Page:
A friend and I drove directly to the camp, which is about 1,200 miles north of the St. Lawrence River bridge at Alexandria Bay, New York. The roadway is two-lane through some very beautiful country. There was virtually no traffic once we got 100 miles north of Ottawa. The land surrounding Nouchimi is mostly public wilderness area. To go hunting each morning, we simply got up and drove to the hunting area each day, based on the advice of camp owner and manager John Pash. We would park our truck and still-hunt the lake shorelines and spruce woods. While there is some tundra here, there are many wooded areas where the caribou can be found and stalked. We saw thousands of caribou. On average, we saw about 200 cows, calves and young bulls for every mature bull.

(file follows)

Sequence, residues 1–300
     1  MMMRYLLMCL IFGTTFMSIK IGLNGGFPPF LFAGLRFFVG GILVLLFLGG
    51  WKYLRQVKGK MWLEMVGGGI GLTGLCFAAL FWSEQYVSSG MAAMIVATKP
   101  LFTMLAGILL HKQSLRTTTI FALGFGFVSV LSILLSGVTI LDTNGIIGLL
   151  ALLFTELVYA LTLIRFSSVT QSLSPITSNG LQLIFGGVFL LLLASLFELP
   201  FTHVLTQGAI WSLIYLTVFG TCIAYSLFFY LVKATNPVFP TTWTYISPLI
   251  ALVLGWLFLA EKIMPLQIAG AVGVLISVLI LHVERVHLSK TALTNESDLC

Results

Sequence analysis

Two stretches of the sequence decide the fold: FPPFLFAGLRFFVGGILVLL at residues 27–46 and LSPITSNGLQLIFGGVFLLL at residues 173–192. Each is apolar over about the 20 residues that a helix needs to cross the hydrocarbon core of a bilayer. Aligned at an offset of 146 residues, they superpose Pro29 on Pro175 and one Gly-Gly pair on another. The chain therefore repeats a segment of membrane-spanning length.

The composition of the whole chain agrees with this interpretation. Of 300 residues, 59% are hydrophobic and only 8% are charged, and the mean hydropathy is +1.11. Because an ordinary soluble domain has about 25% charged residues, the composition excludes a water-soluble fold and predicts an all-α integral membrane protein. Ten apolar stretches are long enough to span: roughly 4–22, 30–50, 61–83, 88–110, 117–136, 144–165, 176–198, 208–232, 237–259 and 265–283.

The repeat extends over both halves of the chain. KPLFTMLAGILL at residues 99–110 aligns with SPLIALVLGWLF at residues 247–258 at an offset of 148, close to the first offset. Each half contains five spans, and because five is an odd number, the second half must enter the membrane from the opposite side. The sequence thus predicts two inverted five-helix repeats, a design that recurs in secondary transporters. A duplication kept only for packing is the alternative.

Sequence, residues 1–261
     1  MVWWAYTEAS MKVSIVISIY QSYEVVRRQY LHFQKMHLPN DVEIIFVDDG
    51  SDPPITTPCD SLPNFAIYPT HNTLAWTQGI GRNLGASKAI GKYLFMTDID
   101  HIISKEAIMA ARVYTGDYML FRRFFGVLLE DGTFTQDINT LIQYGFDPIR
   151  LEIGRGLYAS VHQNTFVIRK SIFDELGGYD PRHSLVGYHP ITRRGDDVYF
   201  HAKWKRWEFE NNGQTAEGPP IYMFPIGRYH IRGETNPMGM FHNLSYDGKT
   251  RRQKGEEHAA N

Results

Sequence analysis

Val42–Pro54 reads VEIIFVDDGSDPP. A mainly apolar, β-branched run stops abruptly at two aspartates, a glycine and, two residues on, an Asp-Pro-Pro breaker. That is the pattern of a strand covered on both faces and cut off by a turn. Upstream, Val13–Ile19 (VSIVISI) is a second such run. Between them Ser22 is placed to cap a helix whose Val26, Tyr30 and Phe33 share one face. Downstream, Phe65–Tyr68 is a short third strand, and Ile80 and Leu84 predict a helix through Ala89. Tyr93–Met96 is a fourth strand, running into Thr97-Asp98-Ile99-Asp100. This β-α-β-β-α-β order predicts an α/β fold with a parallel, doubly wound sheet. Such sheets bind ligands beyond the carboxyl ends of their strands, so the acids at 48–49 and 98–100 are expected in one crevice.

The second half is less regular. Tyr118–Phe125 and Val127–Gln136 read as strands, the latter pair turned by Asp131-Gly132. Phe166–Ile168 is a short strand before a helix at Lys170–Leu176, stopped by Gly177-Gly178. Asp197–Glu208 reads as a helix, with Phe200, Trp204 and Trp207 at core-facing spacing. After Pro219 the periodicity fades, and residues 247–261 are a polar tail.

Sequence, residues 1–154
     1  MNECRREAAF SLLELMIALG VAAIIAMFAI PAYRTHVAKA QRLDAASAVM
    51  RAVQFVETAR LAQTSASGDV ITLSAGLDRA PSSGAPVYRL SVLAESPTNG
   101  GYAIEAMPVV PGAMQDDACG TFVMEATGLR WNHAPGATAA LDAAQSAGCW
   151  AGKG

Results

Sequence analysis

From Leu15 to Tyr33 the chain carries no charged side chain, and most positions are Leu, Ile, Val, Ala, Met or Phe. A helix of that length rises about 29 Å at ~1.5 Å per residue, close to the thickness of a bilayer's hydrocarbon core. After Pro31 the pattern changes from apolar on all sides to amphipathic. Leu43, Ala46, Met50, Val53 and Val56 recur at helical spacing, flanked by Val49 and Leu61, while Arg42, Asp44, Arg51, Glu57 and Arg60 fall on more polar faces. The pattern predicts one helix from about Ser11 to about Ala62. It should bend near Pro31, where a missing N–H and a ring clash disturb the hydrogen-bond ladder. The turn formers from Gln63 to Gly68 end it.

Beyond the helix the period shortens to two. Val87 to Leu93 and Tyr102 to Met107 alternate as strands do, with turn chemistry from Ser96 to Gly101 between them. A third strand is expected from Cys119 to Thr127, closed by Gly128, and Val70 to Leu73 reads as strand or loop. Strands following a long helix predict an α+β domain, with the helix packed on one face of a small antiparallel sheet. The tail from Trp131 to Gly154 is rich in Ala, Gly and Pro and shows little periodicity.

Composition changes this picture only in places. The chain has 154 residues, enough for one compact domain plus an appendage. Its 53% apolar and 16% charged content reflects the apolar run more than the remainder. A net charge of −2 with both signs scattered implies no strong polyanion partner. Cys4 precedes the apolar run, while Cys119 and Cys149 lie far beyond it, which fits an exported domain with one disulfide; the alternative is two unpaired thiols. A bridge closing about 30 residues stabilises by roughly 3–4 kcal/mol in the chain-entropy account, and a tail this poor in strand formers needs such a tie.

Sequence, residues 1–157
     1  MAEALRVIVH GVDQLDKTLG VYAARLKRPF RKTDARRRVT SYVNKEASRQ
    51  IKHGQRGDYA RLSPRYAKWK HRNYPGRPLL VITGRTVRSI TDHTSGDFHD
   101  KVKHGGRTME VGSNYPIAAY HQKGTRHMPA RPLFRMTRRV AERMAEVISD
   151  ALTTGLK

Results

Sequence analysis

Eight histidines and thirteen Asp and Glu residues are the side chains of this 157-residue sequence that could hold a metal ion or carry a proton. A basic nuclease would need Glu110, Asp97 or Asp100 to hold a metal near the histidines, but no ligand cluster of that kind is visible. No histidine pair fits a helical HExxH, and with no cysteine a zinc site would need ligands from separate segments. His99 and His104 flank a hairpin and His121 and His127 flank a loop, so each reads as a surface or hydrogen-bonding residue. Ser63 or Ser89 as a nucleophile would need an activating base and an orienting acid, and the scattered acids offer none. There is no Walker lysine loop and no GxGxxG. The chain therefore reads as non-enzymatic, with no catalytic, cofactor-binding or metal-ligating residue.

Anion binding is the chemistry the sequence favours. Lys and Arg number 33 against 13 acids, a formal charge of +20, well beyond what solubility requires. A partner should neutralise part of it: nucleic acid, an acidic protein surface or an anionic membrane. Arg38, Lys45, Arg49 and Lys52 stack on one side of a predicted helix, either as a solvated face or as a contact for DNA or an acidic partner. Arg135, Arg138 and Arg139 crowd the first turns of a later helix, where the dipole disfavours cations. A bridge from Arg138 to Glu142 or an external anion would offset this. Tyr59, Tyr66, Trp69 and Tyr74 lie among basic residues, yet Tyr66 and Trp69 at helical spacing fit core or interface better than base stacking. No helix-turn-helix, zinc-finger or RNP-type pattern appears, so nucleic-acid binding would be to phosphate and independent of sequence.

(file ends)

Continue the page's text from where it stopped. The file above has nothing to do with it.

At the time of year this hunt is available, the very largest bulls have shed their antlers, we were told. Nonetheless, we took our time looking over the many caribou we saw, and were delighted with the antlers on the four bulls we tagged. The larger of my two bulls has considerable top mass, double shovels, long main beams and 19 points per side. The smaller bull is nearly as large but has a single large shovel. My friend's bulls were comparable.
While we chose to hunt on our own, you can hire a Cree guide for only $80 to $100 a day. These individuals have lived........(continued)